“You have to control your labor costs.”
Best tip for other farms or people in the industry?
I think you have to start small with something you can manage. A lot of people are investing a lot of money into their crops and it’s important to come at it from a farmer but also a business point of view. Everything has to pencil. You have to control your labor costs. It’s not a get rich quick crop and the wisdom of life has taught me that nothing really happens like that and there is nothing easy about it. I walked the field last year with a cannabis farmer right before harvest and he told me “the easy part is over.”And he was 100 percent right and nothing really could have prepared me for it except for the hands-on, doing it. It’s important to be very involved but in February and December, those are the times to take time. When the industry swells during planting and harvesting, that’s when you are working. It’s important to know going into harvest that there will be 35 days where you will be just continually working. I knew that about harvesting, growing up on a row crop farm and it’s the same with hemp.
Favorite and/or least favorite part about growing hemp?
Watching the plant develop, growing the flower, it’s such a rewarding quick crop. You are just rewarded. You can do something and go out 5 days later and get that reward. You know when it is reaching to the heavens it’s happy. As a lifetime gardener and farmer, it’s so rewarding to see happy plants. That’s what gets me up every day to go walk my rows, to just be hands-on in the field. I love the fields, the smell, the life, and the oxygen walking through the fields. I sneak out so no one will bug me and I just love it. and at night I walk my horse through the rows and that is for sure my favorite party to know every section and what is going on in each row. I really like all parts of it and this year is easier because there are less unknown.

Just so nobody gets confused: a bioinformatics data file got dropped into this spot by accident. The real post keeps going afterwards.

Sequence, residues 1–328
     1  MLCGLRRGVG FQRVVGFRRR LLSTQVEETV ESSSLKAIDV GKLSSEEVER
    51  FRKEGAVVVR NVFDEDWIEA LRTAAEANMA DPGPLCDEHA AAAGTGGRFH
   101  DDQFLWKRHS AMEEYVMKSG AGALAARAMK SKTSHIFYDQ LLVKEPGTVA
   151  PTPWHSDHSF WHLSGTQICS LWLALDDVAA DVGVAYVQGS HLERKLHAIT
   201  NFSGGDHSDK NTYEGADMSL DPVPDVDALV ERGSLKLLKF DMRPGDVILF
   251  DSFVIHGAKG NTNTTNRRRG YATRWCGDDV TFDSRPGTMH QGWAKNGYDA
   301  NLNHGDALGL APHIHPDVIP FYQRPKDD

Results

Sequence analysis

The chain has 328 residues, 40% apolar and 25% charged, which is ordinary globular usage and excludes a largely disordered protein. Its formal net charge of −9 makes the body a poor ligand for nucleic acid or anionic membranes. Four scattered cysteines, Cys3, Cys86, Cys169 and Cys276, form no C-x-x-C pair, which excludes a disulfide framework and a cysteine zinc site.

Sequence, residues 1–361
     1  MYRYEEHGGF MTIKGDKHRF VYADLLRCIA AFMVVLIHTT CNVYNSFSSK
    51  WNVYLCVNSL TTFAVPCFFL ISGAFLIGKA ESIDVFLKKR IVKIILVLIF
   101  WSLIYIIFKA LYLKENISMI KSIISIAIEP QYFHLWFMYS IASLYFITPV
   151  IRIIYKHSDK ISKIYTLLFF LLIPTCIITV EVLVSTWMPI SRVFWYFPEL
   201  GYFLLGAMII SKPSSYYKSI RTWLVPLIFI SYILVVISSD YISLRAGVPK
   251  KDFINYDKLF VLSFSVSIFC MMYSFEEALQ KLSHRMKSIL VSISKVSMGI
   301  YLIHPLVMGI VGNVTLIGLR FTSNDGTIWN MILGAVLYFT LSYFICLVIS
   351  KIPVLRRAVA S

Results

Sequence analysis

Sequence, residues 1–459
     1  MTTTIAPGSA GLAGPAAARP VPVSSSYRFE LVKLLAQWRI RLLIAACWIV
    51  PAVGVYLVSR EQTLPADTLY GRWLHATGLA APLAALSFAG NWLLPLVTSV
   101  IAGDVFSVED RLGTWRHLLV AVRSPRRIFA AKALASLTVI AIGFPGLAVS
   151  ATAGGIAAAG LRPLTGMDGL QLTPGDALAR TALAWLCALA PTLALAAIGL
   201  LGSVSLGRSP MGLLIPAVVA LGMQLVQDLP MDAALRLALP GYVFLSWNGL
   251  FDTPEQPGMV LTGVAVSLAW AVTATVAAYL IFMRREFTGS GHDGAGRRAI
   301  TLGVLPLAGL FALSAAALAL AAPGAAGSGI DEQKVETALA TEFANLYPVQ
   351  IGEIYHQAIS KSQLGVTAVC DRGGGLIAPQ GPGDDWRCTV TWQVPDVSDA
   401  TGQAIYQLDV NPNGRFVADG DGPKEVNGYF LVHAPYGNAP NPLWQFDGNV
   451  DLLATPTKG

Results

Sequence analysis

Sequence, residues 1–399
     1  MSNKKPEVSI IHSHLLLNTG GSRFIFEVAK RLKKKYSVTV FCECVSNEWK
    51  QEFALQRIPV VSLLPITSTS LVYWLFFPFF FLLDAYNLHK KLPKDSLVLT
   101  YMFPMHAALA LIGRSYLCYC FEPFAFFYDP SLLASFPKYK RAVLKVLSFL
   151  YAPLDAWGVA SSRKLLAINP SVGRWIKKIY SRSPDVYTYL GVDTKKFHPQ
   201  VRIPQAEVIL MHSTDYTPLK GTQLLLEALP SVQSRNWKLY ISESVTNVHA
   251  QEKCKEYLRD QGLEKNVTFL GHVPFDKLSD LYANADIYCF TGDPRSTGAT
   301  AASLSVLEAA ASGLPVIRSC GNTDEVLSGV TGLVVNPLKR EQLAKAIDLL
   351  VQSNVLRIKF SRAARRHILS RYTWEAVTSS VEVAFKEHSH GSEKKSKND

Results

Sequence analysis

I am trying to touch the plant less and train everyone to treat it like a prize rose but with massive more abundance. Trying to farm a lot but also still be efficient and that is a big challenge for me. It’s one of those details that is frustrating for me, it is hard to train everyone. I hired a harvest crew last year of 6 people in the field and they were just cutting and harvesting all wrong and I had to have them leave. You just cannot do it like that. The standard operating practices are ongoing and need to be done right and I have to delegate and train the crew better this year. Everything is done by hand and I do it differently and it’s quality over quantity and that is the name of growing good flower and it’s no different for roses, cannabis, hemp, or lavender.
What do you think are the biggest hurdles for the industry?